"Although Donald Trump will always be the main feature of any ticket, having someone with some appeal outside the Trump MAGA base would potentially make the ticket more competitive."

However, he suggested Trump's "demand for loyalty" could stop a person "representing the more establishment wing of the Republican Party" being chosen, or potentially even being willing to run.

Julie Norman, a lecturer in politics and international relations at University College London, similarly told Newsweek that while a Trump-Trump ticket might muster support from his bases, opting for someone who "challenges the conception of the typical Trump supporter" could be a shrewder choice.

"A Trump-Trump ticket would certainly appeal to much of the base. But we also know that Trump is quite polarizing. So while a Trump-Trump ticket could nab the nomination, it would be a tougher sell for winning the national election, in which the GOP still needs to win back some moderates and independent voters who are turned off by the Trump brand," Norman said.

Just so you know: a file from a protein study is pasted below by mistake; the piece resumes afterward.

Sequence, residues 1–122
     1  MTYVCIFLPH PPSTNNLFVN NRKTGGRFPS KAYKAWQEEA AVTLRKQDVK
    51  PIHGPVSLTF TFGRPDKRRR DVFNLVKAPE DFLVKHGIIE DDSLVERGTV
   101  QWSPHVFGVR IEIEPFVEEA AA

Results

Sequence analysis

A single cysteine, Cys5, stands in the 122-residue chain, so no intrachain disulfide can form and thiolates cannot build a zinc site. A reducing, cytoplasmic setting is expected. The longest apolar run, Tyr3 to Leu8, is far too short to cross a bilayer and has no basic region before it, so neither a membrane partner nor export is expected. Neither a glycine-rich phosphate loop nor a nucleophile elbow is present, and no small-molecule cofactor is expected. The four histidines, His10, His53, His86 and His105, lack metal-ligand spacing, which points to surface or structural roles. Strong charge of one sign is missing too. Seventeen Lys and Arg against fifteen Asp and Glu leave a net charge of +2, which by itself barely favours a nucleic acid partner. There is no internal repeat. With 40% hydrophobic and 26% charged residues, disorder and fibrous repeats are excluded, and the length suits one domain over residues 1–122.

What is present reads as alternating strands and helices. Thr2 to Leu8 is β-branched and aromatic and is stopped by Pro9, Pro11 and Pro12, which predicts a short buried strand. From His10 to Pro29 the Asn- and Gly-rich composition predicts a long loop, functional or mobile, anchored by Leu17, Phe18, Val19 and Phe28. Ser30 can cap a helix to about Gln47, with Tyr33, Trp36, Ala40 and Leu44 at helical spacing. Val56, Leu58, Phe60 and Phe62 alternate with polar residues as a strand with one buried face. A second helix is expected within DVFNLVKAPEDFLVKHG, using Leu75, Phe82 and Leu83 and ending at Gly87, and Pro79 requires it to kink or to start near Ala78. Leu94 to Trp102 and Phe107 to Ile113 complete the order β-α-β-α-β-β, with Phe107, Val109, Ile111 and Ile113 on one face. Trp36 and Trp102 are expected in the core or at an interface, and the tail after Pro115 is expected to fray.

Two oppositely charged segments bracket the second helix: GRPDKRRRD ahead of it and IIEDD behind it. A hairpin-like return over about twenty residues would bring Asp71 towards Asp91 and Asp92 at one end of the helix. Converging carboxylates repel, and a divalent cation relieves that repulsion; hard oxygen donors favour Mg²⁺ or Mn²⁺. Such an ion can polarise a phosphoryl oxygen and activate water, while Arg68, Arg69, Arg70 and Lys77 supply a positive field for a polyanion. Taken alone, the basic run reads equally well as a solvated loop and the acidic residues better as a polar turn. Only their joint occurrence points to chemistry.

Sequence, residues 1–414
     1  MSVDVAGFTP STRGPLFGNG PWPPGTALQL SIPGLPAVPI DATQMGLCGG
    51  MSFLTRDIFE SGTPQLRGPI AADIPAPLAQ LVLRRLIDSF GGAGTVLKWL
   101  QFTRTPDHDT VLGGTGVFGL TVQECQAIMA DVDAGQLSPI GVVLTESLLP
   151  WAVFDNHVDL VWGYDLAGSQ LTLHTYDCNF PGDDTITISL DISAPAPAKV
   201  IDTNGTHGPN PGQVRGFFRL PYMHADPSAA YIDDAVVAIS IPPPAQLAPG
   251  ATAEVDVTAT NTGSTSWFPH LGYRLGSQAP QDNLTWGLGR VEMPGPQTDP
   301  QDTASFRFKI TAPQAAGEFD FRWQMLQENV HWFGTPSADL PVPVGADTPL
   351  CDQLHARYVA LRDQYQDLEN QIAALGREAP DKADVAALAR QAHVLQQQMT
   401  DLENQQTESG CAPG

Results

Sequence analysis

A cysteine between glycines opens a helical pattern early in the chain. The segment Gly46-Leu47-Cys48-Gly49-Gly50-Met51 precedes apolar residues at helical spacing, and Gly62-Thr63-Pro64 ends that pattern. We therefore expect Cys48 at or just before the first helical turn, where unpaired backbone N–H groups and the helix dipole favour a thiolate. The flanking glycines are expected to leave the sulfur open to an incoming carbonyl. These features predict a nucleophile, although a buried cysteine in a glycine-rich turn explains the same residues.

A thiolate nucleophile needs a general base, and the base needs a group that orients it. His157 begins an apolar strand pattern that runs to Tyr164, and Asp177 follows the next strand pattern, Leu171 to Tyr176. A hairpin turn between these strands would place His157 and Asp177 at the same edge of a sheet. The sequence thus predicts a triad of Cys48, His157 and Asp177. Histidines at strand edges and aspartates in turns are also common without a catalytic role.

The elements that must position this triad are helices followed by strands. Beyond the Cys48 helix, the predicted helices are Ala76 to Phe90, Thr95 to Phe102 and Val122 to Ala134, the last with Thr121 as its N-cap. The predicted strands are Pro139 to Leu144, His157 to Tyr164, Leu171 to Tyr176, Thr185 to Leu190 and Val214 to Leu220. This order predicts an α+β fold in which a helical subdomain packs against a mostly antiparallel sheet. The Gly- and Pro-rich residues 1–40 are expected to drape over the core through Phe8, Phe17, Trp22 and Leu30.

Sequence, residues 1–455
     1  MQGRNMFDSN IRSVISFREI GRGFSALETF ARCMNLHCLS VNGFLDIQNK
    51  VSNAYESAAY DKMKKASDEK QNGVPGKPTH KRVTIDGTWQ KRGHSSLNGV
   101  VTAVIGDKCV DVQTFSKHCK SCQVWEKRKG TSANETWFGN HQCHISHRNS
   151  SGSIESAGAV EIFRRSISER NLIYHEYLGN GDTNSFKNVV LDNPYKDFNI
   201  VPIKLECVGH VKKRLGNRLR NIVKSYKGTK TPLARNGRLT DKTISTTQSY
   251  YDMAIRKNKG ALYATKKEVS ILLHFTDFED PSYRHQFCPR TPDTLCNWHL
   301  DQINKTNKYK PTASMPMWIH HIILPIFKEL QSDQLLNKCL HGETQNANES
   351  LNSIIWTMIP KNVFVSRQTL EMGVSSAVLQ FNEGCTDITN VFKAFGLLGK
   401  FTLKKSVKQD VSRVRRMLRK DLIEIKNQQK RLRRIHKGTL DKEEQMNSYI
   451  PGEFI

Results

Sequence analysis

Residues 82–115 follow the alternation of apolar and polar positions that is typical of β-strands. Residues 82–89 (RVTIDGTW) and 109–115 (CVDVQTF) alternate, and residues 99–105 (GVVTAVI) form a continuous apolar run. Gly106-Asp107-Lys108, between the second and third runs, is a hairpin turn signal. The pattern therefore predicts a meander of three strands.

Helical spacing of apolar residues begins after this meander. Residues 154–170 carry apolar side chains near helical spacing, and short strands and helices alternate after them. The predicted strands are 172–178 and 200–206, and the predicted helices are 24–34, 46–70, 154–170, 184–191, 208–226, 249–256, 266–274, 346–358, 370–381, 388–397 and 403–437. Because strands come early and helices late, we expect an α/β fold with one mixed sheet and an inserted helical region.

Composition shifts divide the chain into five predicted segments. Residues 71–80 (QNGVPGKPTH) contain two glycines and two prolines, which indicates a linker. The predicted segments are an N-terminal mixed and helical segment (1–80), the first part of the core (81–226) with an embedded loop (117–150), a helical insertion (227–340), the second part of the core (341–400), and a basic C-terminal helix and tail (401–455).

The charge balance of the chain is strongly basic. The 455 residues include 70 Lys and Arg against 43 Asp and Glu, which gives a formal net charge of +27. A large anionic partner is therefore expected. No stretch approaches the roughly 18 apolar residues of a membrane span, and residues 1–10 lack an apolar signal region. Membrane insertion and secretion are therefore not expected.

"A more strategic pick would likely be someone from outside the family who is loyal to Trump, but who challenges the conception of the typical Trump supporter."

Trump's desire for loyalty though could sway him to pick a family member, Jon Herbert, a senior lecturer in the school of social, political and global studies at Keele University and a co-author of The Ordinary Presidency of Donald J. Trump, told Newsweek.

"Given the president felt betrayed by Pence, that might enhance his well-established tendency to trust family only: he might see VP as a more important and powerful position if he genuinely regards Pence's perfidy as an opportunity missed to keep him in office," Herbert said.